Things are changing at eBay.
eBay says it is evolving to adapt to changes in the larger market, but it’s not clear how the auction giant will fare against an emerging army of specialized competitors, and it’s far from clear whether sellers will warm to its new internal price structure.
Change, it is said, starts at the top, and so it is with eBay. In March, Meg Whitman ended a 10-year stint as president and chief executive officer, and John Donahoe, who had headed up eBay’s Marketplaces segment for three years, stepped in.
Other changes, announced almost simultaneously with the news that Whitman was stepping aside, ensued. Perhaps the most striking was eBay’s decision to cut the listing fees to sellers while hiking its final-value charges — the cuts it takes from final sales.
The site also announced discounts for big-volume sellers and tweaked its feedback platform.
Changing the fee system is probably the boldest move eBay has made, company spokesperson Usher Lieberman told the E-Commerce Times. “We’ve restructured to a fixed price and moved to a flat fee for listing items, regardless of the quantity of what you’re selling.”
Under the old system, sellers paid a fee for each item listed; under changes taking effect Sept. 16, there will be one listing fee, regardless of the number of items available, Lieberman said.
“Let’s say you’re selling socks; if you listed one package of them — let’s say it would be 35 (US) cents per package. If you had 100, to list all of them would have cost $35. We’ve changed that, so instead of listing all of them separately, you list them all together, so it costs 35 cents for all of them.”
That’s a big edge for the seller, Lieberman said. “There’s an economic advantage to putting all your identical items in a single listing.”
Buyers gain, too, he noted, because a search for an item will pull up more sellers.
The company anticipates positive results from that change.
“We’ve talked with [sellers] extensively; we tend to do that with everything we do,” said Lieberman. “We have feedback forums — our voices group, which is a collection of buyers and sellers. We gather their feedback through quantitative and qualitative research.”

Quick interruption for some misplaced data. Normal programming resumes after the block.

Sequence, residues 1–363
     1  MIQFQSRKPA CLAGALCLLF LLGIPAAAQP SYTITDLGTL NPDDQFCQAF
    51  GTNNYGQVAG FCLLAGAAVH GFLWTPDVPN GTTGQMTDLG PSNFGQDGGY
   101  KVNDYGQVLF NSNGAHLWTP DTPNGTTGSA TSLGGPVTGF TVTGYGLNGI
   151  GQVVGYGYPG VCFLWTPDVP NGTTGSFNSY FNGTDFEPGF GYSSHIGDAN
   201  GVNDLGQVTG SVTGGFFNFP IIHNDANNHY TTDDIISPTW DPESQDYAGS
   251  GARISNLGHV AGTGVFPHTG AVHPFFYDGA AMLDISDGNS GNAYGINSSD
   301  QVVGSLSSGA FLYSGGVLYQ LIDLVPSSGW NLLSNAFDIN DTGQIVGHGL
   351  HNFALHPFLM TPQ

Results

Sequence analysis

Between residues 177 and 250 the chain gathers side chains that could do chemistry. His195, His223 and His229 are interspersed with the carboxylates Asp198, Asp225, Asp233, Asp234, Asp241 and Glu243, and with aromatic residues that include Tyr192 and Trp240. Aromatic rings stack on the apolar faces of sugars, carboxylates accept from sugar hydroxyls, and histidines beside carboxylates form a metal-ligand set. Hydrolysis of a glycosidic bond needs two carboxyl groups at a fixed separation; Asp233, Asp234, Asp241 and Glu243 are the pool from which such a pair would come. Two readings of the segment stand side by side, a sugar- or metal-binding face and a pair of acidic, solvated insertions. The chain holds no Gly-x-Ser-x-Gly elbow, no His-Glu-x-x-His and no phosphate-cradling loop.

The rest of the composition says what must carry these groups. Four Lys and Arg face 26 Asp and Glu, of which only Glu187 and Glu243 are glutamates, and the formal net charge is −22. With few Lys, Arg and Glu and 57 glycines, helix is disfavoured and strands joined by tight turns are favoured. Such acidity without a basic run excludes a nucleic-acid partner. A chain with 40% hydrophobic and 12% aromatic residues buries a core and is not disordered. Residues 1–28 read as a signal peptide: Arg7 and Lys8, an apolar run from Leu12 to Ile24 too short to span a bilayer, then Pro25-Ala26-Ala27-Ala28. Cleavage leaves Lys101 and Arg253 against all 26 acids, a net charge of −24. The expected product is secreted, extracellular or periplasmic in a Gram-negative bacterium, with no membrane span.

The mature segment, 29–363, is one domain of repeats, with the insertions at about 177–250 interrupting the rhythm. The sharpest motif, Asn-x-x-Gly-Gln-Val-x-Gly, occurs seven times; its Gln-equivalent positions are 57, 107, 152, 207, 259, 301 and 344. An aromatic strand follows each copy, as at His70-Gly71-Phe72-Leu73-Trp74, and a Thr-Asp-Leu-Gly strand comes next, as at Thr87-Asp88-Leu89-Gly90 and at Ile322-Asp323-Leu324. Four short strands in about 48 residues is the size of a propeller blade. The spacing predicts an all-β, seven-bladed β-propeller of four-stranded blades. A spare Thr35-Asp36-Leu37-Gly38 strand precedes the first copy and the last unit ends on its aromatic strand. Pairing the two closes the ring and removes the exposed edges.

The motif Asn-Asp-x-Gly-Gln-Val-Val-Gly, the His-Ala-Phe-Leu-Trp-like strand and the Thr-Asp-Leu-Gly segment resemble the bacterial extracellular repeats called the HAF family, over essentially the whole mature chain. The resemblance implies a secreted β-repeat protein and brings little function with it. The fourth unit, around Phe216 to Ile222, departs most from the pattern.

By restructuring its fees, eBay is likely attempting to ratchet up its competitiveness with Amazon.com, which has no listing fees.
“I haven’t noticed any reactions from the fee changes at eBay,” Michael Souers, a Standard & Poors analyst who tracks Amazon, told the E-Commerce Times. “Not to say there won’t be a reaction. Amazon has dominated that area for awhile. eBay’s fees are pretty cheap now for low-priced goods. Obviously, Amazon doesn’t charge a listing fee, but it does have a higher commission.”
Cutting its listing fees was a positive step for eBay, Souers said.
“eBay in the past kind of alienated customers because of higher listing fees,” he said. “This is a way to extend the olive branch and get them back.”
In July 2008, eBay allowed retail site Buy.com to list millions of items on eBay without without charging a listing fee.
There could be a price war brewing, Souers noted. “I wouldn’t be surprised if Amazon lowers its commissions.”
Despite the changes, eBay maintains it is not straying too far from the formula it introduced in 1995 as the first major online auction site.